Re-offending rates fall
Recently (30 January 2014) the MoJ published the latest proven re-offending rates for the year ending on 31 March 2012. These figures will be scrutinised more closely than ever given the upcoming privatisation of the probation service via the government’s Transforming Rehabilitation project.
In addition to reoffending rates from individual probation trusts, this latest edition of MoJ stats also includes data on the interim reconviction figures for the payment by results pilots at Peterborough and Doncaster prisons.
Proponents and critics of TR will seek to find ammunition for their cause. And those seeking to win the new reoffending contracts will be delving into the small print.
These data are more reliable than the local adult reoffending rates which the MoJ also publishes, since they cover a full year rather than the most recent quarter; and are therefore less susceptible to fluctuation.
The overall findings are positive with the proven reoffending rate dropping to 26.5% compared to 26.8% for the previous year.This figure is the overall rate of reoffending for the 600,000 adult and juvenile offenders who were cautioned, convicted (excluding immediate custodial sentences) or released from custody between April 2011 and March 2012.
Around 160,000 of these offenders committed a total of 460,000 proven re-offences within a year, with those that re-offended committing, on average, 2.9 re-offences each.
Unsurprisingly, offenders with 11 or more previous offences have a higher re-offending rate than those with no previous offences – 47.5% compared to 10.8%.
Probation continues to reduce reoffending
The data are segmented to look at the reoffending rates of different groups; the main findings are set out below.
Adult offenders released from custody
The proven re-offending rate for adult offenders released from custody between April 2011 and March 2012 was 45.8%, a fall of 1.5 percentage points compared to the previous 12 months and a fall of 3.6 percentage points since 2000. Adults who served sentences of less than 12 months, re-offended at a rate of 57.7% compared to 34.4% for those who served sentences of 12 months or more.
It is clear to see why prospective new probation providers expect to make most of their impact on reoffending rates by targeting this group of short term prisoners who currently receive neither supervision nor support on release.
Adult offenders starting a court order
The proven re-offending rate for adult offenders starting a court order (Community Order or Suspended Sentence Order) was 34.0%, a small drop of 0.2 percentage points compared to the previous 12 months and down 3.9 percentage points since 2000.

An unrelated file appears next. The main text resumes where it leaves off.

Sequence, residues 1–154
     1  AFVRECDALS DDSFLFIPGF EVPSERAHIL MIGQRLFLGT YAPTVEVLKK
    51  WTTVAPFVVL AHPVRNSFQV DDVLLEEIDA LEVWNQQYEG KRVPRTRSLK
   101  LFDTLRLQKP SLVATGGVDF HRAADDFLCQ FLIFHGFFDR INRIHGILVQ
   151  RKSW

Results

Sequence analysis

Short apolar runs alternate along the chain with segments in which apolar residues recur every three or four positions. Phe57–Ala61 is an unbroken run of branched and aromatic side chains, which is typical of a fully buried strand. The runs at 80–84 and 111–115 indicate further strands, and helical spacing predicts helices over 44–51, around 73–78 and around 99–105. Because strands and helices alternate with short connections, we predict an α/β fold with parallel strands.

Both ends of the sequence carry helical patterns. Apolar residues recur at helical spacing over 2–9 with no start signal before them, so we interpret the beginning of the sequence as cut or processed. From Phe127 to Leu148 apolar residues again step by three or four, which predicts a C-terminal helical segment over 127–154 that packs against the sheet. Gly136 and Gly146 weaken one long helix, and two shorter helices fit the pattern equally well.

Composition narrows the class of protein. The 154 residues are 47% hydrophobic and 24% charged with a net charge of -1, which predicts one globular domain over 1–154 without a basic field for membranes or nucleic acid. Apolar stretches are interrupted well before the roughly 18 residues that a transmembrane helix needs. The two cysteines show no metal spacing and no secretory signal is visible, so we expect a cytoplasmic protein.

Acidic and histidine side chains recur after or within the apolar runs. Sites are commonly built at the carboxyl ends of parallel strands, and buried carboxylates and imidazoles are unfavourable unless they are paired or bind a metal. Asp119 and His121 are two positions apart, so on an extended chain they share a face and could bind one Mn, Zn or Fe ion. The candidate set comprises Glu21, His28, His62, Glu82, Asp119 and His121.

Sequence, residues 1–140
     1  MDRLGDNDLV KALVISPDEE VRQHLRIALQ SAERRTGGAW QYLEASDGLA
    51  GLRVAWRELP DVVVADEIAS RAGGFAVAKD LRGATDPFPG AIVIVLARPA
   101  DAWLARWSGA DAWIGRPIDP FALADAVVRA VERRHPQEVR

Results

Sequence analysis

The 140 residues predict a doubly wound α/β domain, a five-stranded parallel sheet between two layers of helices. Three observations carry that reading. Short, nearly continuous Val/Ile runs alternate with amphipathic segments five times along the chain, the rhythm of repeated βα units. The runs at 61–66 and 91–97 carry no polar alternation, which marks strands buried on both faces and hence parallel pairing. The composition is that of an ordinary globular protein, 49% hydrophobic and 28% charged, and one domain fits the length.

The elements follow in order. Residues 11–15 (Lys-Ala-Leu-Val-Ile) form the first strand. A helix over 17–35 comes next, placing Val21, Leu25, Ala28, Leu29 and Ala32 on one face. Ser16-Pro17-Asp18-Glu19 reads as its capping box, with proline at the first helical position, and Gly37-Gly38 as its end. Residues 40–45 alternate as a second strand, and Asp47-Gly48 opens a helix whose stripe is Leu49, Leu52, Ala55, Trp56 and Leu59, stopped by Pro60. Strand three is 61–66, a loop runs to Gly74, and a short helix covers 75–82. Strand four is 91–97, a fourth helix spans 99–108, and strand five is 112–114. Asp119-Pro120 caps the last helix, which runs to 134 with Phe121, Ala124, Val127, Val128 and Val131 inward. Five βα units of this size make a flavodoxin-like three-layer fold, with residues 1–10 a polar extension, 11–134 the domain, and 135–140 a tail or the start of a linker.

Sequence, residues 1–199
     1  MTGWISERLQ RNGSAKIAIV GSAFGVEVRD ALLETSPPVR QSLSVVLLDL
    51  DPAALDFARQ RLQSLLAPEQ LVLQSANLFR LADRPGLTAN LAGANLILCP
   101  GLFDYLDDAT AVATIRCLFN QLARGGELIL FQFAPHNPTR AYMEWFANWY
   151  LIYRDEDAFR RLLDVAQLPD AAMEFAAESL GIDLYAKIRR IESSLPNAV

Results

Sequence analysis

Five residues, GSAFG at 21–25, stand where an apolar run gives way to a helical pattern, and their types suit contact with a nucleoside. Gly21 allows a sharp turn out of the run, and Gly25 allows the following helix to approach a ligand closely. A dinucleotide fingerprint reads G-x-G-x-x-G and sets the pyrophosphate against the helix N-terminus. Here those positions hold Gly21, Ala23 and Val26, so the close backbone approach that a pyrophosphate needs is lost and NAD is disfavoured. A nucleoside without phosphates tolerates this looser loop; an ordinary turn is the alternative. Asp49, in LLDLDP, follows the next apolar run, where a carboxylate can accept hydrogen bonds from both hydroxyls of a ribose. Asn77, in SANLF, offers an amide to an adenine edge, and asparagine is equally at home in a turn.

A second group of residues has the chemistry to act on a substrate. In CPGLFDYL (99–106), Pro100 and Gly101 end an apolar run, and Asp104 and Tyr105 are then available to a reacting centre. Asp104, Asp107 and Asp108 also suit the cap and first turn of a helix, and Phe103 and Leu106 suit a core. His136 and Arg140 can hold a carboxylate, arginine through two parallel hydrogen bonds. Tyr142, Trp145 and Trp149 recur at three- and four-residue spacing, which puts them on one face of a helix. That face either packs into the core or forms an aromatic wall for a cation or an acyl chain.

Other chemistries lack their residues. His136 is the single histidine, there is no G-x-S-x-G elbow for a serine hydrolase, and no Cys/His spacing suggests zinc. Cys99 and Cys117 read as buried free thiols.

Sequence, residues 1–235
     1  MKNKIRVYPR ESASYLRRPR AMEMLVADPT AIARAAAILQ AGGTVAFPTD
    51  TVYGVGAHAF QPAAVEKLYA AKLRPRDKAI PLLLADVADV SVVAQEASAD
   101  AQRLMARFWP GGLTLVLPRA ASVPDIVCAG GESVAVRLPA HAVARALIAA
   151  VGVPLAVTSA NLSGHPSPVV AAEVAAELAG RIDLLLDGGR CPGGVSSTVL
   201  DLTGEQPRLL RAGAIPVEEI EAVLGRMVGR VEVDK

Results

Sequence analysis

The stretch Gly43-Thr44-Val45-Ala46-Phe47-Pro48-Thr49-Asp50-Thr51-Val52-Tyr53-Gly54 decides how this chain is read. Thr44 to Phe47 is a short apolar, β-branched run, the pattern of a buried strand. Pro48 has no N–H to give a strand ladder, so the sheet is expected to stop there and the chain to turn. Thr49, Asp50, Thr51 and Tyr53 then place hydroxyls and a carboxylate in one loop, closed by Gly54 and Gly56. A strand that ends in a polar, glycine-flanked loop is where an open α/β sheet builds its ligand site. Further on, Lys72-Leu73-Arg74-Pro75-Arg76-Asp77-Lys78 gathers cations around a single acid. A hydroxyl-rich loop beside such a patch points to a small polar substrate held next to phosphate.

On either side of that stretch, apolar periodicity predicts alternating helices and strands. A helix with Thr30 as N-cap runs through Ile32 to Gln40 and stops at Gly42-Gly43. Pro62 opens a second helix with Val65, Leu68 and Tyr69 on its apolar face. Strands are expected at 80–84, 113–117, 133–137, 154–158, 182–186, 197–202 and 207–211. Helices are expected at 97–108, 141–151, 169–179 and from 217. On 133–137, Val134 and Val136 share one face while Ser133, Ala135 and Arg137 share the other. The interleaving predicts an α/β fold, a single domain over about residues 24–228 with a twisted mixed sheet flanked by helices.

Probation Trusts will be pleased to see that they have continued to cut reoffending rates.
Around 71,000 juvenile offenders were cautioned, convicted or released from custody between April 2011 and March 2012 and around 25,000 of them committed a re-offence. This gives a proven re-offending rate of 35.5%, down 0.3 percentage points from the previous 12 months. While the rate has seen an overall increase of 1.8 percentage points since 2000, the cohort has changed considerably over this time; it has almost halved in size due to a substantial decrease in the number of first time entrants to the criminal justice system. In effect, the characteristics of current juvenile offenders mean they are more likely to re-offend.
What’s the difference between Probation Trusts?
Re-offending rates varied considerably between probation trusts from 26.7% to 43.1%. Most of this variability reflects the different mix of offenders who are given a court order in different areas.
One the reoffending rates have been adjusted to take this into account, seven probation trusts showed significantly lower proven re-offending rates than expected:
Gloucestershire, Hampshire, London, Northamptonshire, South Yorkshire, Staffordshire and West Midlands and York and North Yorkshire.
No probation trust showed significantly higher proven re-offending rates than expected.
So, once again official MoJ statistics show probation trusts are making a small but consistent impact in reducing reoffending.